Theresa Matzinger Successful in "Disruptive Innovation – Early Career Seed Money" Call


Theresa's interdisciplinary project on "Biophysiological Explorations of Aesthetically Appealing Linguistic Patterns" secured funding from the ÖAW and FWF.

Theresa Matzinger provided us with a Summary of her project which will see her explore Aesthetically Appealing Linguistic Patterns from a Biophysiological Perspective.


Project summary

The underlying rationale of this project is that the aesthetic appeal of linguistic features may influence how easily and effectively these features can be learned and transmitted to future generations of speakers. This, in turn, will influence how stable aesthetically appealing features are during long-term linguistic change. Further, the project will help to understand language-based biases of people.

In this project, Theresa Matzinger will test the so-far unexplored core premise of this proposal, namely whether everyday linguistic features inherently differ in their aesthetic appeal at all. To quantify the aesthetic appeal of everyday linguistic features objectively, Theresa will combine participants’ ratings of aesthetic appeal with biophysiological measures such as heart rate measures, electrodermal activity, pupil dilation, or brain responses.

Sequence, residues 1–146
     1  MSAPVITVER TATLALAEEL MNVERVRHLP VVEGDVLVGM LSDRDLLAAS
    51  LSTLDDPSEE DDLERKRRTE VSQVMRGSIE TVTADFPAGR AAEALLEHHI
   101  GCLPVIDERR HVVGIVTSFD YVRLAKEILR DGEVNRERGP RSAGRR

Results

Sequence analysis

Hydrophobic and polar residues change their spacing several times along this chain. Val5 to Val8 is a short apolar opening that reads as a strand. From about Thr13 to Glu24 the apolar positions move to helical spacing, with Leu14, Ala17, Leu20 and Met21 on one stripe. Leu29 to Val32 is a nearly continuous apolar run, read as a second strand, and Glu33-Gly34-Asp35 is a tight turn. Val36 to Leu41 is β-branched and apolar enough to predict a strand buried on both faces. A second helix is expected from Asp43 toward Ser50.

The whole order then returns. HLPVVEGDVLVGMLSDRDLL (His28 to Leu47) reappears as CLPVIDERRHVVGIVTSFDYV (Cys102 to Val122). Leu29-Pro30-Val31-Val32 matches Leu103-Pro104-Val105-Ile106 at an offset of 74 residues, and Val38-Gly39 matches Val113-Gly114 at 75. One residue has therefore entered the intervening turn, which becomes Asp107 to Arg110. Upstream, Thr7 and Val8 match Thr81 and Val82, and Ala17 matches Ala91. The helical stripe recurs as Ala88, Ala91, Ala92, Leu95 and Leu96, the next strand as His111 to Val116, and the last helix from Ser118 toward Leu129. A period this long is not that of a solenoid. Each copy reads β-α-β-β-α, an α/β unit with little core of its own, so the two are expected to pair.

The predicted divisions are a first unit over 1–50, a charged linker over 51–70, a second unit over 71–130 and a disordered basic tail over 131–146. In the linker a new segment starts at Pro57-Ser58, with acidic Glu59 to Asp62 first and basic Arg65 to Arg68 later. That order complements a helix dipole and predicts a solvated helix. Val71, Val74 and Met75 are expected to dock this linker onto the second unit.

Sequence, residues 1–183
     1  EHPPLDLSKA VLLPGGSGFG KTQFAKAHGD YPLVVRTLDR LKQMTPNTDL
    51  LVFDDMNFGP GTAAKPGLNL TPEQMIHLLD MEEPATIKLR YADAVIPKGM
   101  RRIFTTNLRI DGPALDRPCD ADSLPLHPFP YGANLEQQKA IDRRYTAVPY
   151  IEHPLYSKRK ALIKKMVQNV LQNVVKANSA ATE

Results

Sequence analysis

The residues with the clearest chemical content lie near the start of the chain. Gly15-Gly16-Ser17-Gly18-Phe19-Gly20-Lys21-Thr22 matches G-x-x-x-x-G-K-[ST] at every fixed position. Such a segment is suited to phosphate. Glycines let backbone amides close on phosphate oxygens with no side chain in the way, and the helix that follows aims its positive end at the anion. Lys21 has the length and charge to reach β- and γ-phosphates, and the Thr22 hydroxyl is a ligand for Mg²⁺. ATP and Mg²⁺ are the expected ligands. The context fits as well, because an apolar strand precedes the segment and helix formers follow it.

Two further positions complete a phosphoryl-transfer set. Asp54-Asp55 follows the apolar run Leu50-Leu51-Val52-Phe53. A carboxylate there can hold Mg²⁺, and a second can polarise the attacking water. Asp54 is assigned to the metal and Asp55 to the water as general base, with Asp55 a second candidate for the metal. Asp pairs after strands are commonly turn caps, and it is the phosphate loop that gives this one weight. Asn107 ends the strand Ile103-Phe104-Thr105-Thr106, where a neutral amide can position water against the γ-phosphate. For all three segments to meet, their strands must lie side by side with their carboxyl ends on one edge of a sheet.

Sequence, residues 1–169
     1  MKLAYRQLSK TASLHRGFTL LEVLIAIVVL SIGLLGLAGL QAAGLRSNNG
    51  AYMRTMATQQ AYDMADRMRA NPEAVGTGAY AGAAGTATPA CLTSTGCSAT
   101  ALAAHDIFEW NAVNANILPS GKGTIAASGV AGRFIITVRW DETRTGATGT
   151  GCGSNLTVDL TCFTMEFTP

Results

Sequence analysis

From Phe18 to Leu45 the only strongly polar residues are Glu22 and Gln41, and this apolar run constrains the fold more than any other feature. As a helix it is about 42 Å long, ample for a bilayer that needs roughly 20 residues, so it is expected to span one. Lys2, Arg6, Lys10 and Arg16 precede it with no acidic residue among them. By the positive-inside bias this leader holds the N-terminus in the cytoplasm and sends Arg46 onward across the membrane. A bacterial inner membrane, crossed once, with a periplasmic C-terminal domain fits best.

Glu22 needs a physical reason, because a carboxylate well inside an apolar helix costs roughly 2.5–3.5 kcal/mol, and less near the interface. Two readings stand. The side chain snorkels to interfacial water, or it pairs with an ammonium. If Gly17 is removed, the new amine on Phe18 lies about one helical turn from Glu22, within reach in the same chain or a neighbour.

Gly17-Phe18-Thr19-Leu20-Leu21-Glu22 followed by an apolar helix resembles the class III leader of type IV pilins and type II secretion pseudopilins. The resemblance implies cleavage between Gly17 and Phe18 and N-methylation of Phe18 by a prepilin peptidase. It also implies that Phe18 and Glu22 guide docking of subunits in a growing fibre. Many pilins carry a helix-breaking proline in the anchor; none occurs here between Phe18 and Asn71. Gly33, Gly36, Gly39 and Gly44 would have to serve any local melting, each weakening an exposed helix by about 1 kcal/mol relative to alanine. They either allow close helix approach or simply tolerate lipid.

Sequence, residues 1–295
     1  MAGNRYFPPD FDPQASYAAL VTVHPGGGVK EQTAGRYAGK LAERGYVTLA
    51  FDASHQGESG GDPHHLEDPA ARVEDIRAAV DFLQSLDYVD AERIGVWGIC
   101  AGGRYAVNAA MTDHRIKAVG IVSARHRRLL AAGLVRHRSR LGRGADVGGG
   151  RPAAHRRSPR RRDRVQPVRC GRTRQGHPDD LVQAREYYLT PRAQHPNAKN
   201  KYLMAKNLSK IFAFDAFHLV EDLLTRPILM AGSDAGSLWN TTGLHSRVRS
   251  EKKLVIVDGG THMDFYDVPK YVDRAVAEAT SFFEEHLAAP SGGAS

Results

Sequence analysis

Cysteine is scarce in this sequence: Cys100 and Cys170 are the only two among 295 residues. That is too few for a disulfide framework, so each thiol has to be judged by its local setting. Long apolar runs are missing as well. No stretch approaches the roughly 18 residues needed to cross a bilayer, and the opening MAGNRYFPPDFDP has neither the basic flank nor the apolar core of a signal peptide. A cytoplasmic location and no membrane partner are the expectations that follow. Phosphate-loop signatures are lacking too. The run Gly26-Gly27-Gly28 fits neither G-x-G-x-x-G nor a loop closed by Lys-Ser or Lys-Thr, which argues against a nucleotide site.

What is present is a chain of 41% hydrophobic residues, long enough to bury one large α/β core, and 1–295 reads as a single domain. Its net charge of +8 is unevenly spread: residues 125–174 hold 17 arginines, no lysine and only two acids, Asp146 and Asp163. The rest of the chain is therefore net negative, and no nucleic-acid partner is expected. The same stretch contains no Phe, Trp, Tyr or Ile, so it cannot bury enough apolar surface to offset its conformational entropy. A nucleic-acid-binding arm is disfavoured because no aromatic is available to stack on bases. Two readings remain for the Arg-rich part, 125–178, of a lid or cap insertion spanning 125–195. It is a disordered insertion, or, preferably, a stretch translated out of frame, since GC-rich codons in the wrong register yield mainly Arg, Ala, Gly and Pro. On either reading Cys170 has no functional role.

Some questions Theresa plans to answer within the project are:

  • (How) do different everyday linguistic patterns (such as phonemes, phonotactic patterns, rhymes, alliterations, grammatical structures) differ in their aesthetic appeal?
  • Do preferences for particular linguistic features differ across social groups (e.g. speakers of different native languages or dialects, or age groups)?
  • How much individual variation is there in the perception of aesthetic appeal?
  • What are the biophysiological correlates of aesthetic appeal in linguistic patterns? Which biophysiological measures are most successful in capturing perceptions of aesthetic appeal?
  • How do those biophysiological correlates compare to biophysiological correlates of traits closely linked to aesthetics (such as processing fluency, emotional value, or arousal)?





Theresa Matzinger is a postdoctoral researcher at the Department of English and American Studies. Her work focuses on the biological and cultural evolution of language(s), language learning, historical language change, and non-human animal communication and cognition. In her research, she combines methods from the fields of psycholinguistics, evolutionary linguistics, historical linguistics, corpus linguistics, sociolinguistics, behavioral economics, and behavioral biology.


Theresa is Network Associate at the Vienna Cognitive Science Hub.


© Theresa Matzinger